How to use the command palette in Windows Terminal

The command palette lets you see which actions you can run inside Windows Terminal. More information on how actions are defined can be found on the Actions page.

Invoking the command palette

You can invoke the command palette by typing Ctrl+Shift+P. This can be customized by adding the commandPalette command to your key bindings.

{ "command": "commandPalette", "keys": "ctrl+shift+p" }

Command line mode

If you'd like to enter a wt command into the command palette, you can do so by starting with the > character. This will run the wt command in the current window. More information on wt commands can be found on the Command line arguments page.

Windows Terminal command line mode

Adding an icon to a command

You can optionally add an icon to a command defined in your settings.json that appears in the command palette. This can be done by adding the icon property to the action. Icons can be a path to an image, a symbol from Segoe MDL2 Assets, or any character, including emojis.

{ "icon": "C:\\Images\\my-icon.png", "name": "New tab", "command": "newTab", "keys": "ctrl+shift+t" },
{ "icon": "\uE756", "name": "New tab", "command": "newTab", "keys": "ctrl+shift+t" },
{ "icon": "⚡", "name": "New tab", "command": "newTab", "keys": "ctrl+shift+t" }

Nested commands

Nested commands let you group multiple commands under one item in the command palette. The example below groups the font resize commands under one command palette item called "Change font size...".

    "name": "Change font size...",
    "commands": [
        { "command": { "action": "adjustFontSize", "delta": 1 } },
        { "command": { "action": "adjustFontSize", "delta": -1 } },
        { "command": "resetFontSize" },

Windows Terminal nested commands

Iterable commands

Iterable commands let you create multiple commands at the same time, generated from other objects defined in your settings. Currently, you can create iterable commands for your profiles and color schemes. At runtime, these commands will be expanded to one command for each of the objects of the given type.

You can currently iterate over the following properties:

iterateOn Property Property syntax
profiles name "name": "${}"
profiles icon "icon": "${profile.icon}"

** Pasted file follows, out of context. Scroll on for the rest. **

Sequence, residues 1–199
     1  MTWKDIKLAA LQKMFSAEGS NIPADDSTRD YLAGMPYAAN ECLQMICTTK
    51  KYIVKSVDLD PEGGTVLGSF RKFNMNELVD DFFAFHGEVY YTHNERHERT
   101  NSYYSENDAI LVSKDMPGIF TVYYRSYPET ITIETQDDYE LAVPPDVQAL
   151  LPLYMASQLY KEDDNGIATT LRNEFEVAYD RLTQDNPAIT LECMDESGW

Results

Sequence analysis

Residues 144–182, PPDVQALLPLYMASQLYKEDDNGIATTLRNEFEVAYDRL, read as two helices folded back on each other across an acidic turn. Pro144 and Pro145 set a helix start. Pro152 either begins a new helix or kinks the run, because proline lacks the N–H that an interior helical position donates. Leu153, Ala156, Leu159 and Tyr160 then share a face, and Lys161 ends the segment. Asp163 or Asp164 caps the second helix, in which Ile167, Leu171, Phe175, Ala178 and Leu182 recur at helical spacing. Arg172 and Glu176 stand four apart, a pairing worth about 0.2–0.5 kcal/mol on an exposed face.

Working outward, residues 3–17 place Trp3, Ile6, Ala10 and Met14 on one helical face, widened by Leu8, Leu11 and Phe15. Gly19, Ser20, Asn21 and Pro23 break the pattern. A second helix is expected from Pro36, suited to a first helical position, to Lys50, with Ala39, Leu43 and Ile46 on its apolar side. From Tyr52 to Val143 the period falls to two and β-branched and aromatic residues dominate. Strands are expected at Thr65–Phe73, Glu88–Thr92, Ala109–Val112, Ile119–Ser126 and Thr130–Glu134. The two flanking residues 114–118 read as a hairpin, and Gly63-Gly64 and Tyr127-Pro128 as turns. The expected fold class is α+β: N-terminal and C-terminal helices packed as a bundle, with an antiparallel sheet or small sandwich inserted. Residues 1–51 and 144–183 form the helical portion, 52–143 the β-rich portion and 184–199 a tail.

schemes name "name": "${}"


Create a new tab command for each profile.

Windows Terminal iterable commands

    "name": "New tab",
    "commands": [
            "iterateOn": "profiles",
            "icon": "${profile.icon}",
            "name": "${}",
            "command": { "action": "newTab", "profile": "${}" }

In the above example:

  • "iterateOn": "profiles" will generate a command for each profile.
  • At runtime, the terminal will replace ${profile.icon} with each profile's icon and ${} with each profile's name.

If you had three profiles:

"profiles": [
	{ "name": "Command Prompt", "icon": null },
	{ "name": "PowerShell", "icon": "C:\\path\\to\\icon.png" },
	{ "name": "Ubuntu", "icon": null },

The above command would behave like the following three commands:

    "name": "New tab...",
    "commands": [
            "icon": null,
            "name": "Command Prompt",
            "command": { "action": "newTab", "profile": "Command Prompt" }
            "icon": "C:\\path\\to\\icon",
            "name": "PowerShell",
            "command": { "action": "newTab", "profile": "PowerShell" }
            "icon": null,
            "name": "Ubuntu",
            "command": { "action": "newTab", "profile": "Ubuntu" }

Hiding a command

If you would like to keep a command in your key bindings list but not have it appear in the command palette, you can hide it by setting its name to null. The example below hides the "New tab" action from the command palette.

{ "name": null, "command": "newTab", "keys": "ctrl+shift+t" }